At the end, Dr. Urmaliya and Dr. Dahiya were honored with mementoes by Dr. Rajiv Dahiya, President of the Association of Pharmacy Professionals (APP). This Indo-Belgium symposium was witnessed by APP life members and faculties of Globus College of Pharmacy, Bhopal – Mr. Monesh Likhitkar, Mr. Vinay Sadanand, Mr. Abhishek Pathak, Mr. Bhupendra Tiwari, Mr. Rajneesh Singh and undergraduate/postgraduate students of hosting institute.

   
 
                    
DINDO-SWISS CONFERENCE

Association of Pharmacy Professionals (APP) Madhya Pradesh State Branch and APP Industrial Pharmacy and Drug Regulatory Affair (IP-DRA) Division organized 1st Indo-Swiss Conference on “Industry-Academia Interaction: Global Issues and Concerns” on 15th April, 2017 at Department of Chemistry and Pharmacy, Rani Durgavati University, Jabalpur, Madhya Pradesh, Republic of India.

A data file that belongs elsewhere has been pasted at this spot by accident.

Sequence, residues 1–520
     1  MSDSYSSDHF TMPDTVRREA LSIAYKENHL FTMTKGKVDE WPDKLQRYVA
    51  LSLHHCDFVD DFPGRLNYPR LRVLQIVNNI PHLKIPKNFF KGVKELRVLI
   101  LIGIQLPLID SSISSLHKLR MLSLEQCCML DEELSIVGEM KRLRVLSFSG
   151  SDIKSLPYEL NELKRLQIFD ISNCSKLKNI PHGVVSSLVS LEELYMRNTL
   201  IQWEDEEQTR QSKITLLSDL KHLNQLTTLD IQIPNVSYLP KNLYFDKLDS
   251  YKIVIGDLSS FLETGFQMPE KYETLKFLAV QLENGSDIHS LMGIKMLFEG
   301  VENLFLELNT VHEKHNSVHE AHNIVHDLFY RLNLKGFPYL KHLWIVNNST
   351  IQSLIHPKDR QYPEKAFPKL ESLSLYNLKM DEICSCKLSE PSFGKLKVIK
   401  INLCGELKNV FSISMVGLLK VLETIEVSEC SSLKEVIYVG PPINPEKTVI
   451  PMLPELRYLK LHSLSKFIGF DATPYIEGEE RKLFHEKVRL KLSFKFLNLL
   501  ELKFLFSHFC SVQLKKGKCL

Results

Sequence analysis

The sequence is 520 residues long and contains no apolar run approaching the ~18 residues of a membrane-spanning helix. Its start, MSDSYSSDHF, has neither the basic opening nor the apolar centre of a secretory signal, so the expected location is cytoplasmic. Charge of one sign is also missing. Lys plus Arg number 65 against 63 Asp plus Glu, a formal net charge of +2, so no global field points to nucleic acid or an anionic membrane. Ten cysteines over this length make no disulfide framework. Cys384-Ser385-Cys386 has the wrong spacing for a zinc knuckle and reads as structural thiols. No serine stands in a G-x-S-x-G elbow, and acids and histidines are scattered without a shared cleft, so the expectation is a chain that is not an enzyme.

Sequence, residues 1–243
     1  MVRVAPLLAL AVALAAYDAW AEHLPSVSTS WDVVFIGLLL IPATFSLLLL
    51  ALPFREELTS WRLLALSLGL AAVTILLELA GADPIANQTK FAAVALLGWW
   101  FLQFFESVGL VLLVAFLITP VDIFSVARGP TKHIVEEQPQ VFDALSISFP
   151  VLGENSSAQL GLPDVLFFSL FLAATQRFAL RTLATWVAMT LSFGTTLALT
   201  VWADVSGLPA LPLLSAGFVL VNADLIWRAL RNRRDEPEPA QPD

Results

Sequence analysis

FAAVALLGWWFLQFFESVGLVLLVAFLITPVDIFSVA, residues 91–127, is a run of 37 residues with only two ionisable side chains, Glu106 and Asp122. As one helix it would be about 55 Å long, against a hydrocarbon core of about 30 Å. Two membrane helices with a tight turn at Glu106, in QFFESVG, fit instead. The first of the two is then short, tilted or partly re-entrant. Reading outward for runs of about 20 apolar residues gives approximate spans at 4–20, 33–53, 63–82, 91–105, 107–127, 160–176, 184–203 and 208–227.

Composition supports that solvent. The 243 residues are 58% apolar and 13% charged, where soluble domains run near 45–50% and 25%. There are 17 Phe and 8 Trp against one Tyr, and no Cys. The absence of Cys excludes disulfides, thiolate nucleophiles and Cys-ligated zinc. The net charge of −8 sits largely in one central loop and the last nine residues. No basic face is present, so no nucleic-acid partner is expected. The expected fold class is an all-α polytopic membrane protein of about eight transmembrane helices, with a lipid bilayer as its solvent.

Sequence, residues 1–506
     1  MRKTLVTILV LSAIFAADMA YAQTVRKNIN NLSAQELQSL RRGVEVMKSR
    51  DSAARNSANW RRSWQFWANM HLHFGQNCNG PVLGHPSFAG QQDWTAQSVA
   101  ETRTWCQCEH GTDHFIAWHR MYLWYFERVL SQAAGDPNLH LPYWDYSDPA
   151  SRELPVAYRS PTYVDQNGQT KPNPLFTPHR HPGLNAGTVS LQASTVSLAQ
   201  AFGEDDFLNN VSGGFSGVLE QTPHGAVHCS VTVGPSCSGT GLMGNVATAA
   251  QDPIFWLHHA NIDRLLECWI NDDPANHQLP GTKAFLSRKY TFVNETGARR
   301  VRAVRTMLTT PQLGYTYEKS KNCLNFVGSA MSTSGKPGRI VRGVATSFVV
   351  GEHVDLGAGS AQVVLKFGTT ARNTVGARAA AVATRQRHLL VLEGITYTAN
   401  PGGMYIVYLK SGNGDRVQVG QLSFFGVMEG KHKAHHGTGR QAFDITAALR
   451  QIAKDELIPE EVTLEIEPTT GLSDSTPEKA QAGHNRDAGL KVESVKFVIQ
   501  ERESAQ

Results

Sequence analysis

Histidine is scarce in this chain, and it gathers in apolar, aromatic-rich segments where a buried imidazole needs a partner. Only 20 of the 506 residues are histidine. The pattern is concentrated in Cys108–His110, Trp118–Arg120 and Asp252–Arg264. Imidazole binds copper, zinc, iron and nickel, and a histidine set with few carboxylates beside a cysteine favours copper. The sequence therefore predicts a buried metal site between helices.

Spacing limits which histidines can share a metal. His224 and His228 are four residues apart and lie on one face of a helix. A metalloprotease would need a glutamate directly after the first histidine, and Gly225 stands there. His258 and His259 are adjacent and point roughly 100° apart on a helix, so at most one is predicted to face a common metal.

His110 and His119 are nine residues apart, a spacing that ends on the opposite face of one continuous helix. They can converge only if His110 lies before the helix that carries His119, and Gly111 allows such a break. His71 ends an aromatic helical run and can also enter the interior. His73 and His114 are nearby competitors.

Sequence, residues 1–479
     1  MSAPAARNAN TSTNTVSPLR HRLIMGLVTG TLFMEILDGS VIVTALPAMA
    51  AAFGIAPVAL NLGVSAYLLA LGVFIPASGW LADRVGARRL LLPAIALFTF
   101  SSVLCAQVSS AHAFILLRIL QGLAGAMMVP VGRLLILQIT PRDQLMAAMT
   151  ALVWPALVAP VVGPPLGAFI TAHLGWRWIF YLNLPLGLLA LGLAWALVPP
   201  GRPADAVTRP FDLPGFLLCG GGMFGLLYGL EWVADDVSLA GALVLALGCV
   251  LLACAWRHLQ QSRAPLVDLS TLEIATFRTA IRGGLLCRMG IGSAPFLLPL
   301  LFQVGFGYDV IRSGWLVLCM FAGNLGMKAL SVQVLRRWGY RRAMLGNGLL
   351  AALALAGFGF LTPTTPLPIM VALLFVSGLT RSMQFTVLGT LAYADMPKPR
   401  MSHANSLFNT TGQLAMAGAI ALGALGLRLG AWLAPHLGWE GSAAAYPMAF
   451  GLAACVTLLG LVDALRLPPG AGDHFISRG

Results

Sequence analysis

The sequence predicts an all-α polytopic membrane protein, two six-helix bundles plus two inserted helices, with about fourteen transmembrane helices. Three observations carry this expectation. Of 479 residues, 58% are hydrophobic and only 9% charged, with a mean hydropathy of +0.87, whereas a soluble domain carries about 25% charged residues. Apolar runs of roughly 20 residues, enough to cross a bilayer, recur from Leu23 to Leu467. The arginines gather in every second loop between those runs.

During conference, Prof. Kapil Deo Mishra, Vice Chancellor, Rani Durgavati University, Jabalpur, Madhya Pradesh acted as ‘Chief Patron‘; Prof. Ram Charitra Maurya, Head, Department of Chemistry and Pharmacy, Rani Durgavati University, Jabalpur, Madhya Pradesh acted as ‘Convener‘; Dr. Sunita Dahiya, General Secretary, Association of Pharmacy Professionals and Dr. Sushil Kumar Kashaw, Secretary, APP Madhya Pradesh State Branch acted as ‘Co-conveners‘; Dr. Rajiv Dahiya, Director, School of Pharmacy, Faculty of Medical Sciences, The University of the West Indies, Trinidad and Tobago acted as ‘Organizing Chairman‘ and Dr. Suresh V. Chennupati, Associate Professor, Department of Pharmacy, College of Medical and Health Sciences, Wollega University, Nekemte, Federation Democratic Republic of Ethiopia acted as ‘Scientific Committee Chairman‘ in absentia; Mohd. Washid Khan from Department of Chemistry and Pharmacy, Rani Durgavati University, Jabalpur as ‘Joint Organizing Secretary‘.